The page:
Audrey Young is the New Zealand Herald’s political editor.

Goff's departing legacy lies in his trade deals

Phil Goff and his deputy, Annette King, announce their resignations  yesterday. Photo / Mark Mitchell
Phil Goff and his deputy, Annette King, announce their resignations yesterday. Photo / Mark Mitchell

Phil Goff finished his press conference about his imminent resignation and walked along the parliamentary corridor in good humour with his deputy, Annette King.

"I think we'll have a cup of tea," he said, which is the same as making a joke these days.

The transition from his leadership of Labour to the next generation in two weeks will be nothing like his own seamless transition to the role three years ago by Cabinet agreement.

At that time he was the only viable alternative.

An ambitious David Cunliffe had to be reined in after Helen Clark resigned on election night and told not to even think of being leader.

Steve Maharey might have put up a fight against Goff if he had not headed off into university management. But Maharey would never havewon.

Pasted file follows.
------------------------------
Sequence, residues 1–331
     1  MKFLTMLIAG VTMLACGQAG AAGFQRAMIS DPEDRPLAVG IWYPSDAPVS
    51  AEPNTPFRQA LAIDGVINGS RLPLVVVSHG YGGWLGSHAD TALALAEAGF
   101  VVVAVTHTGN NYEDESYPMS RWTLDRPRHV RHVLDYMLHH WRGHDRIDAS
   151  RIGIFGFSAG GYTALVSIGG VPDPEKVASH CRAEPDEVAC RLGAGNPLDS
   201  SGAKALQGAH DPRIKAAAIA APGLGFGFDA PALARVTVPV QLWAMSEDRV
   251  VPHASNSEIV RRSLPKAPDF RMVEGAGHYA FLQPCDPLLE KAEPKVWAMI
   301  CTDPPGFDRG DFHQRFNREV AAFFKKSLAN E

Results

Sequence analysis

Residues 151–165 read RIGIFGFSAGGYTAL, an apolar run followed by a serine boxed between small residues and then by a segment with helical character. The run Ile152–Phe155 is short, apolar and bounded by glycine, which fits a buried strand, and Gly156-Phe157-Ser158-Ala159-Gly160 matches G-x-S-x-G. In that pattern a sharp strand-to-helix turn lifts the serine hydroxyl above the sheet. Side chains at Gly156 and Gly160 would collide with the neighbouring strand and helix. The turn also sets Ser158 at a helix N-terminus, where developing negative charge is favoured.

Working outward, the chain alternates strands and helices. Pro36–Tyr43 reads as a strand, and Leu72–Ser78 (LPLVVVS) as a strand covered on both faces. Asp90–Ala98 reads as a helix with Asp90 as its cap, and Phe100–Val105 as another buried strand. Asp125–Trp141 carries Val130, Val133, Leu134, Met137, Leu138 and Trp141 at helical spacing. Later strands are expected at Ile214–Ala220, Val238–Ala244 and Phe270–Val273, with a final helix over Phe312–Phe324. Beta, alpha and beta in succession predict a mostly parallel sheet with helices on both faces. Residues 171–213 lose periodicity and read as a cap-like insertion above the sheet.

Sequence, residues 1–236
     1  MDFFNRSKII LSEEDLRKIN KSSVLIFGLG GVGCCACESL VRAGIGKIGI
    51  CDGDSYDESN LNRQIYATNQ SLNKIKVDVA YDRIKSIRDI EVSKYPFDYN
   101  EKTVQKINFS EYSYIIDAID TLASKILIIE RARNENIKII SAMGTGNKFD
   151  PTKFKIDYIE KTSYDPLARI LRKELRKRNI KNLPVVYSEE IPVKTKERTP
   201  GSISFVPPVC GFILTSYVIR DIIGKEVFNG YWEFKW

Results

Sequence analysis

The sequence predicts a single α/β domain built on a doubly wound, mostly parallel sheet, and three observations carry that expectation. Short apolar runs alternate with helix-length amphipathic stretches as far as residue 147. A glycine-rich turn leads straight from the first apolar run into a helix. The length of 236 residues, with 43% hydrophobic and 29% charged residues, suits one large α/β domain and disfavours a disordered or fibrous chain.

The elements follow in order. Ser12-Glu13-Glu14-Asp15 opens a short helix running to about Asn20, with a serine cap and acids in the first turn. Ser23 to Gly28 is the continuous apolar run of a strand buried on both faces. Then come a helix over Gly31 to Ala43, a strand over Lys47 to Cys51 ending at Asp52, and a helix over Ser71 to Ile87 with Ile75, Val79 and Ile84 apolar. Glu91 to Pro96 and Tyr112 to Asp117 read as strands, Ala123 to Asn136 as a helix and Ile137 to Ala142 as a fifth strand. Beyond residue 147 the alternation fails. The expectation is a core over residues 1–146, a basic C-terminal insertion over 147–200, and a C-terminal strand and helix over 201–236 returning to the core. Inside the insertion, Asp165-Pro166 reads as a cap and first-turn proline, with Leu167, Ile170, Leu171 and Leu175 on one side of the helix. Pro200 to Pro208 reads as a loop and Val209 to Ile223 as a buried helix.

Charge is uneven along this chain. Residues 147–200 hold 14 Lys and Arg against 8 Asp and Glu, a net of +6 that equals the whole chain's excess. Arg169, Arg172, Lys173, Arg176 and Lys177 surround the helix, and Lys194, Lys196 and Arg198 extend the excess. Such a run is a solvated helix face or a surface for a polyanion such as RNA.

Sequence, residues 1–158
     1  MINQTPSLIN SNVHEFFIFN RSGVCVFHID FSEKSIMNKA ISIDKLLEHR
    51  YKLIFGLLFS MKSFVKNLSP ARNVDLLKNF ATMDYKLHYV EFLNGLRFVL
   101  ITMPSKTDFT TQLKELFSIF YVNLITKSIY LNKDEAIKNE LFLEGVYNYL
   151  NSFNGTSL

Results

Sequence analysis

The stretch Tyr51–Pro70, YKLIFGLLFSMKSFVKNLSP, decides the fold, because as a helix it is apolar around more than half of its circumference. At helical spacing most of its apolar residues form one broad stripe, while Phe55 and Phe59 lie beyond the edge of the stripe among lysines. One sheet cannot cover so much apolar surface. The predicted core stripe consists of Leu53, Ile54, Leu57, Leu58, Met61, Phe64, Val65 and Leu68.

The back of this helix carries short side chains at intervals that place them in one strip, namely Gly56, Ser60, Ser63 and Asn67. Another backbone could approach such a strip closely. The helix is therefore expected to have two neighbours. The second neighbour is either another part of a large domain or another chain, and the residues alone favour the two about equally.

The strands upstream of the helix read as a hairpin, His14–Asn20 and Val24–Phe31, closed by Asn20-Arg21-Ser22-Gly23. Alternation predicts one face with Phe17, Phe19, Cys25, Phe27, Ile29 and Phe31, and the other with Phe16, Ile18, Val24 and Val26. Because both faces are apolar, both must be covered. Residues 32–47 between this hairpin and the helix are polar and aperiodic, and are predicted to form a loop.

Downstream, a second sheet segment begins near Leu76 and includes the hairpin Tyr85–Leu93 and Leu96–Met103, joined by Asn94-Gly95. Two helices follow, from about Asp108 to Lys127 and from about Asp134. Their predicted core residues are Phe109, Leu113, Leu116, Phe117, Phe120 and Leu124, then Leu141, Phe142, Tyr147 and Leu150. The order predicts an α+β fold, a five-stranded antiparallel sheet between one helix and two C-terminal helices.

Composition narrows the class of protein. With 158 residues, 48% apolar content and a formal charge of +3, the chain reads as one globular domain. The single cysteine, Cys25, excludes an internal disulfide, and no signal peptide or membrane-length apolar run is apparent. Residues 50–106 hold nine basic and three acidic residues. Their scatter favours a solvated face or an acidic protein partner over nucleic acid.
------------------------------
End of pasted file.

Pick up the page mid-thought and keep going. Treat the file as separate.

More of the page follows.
Goff was the only one with experience, his reputation intact, and with the necessary House skills to take over the party, lead a credible opposition and save Labour from tearing itself apart after defeat.

A couple of weeks before the election, Goff lamented the circumstances that had made his transition to leadership so easy.

He thought it had deprived the public of the chance to see a contest, to see if he was made of the tough stuff required to put yourself up as an alternative Prime Minister.

He also lamented that votershad only just got to know himduring the campaign with all the scrutiny that attracts.

Goff won't be remembered as a Labour great. His legacy to the party over three years was to make some bold policy shifts, many to the left, and to move the party away from identity politics and towards pragmatism.

His real political legacy is more rooted in his achievements as Minister of Foreign Affairs and later Trade when he negotiated the Free Trade Agreement with China and teamed up with the United States to start the Trans Pacific Partnership Agreement.

And that record may take him to new posts after politics, as Prime Minister John Key suggested yesterday.

With that in the offing and another three years in Parliament, it may be too early yet to write Goff's legacy to New Zealand.

- NZ Herald

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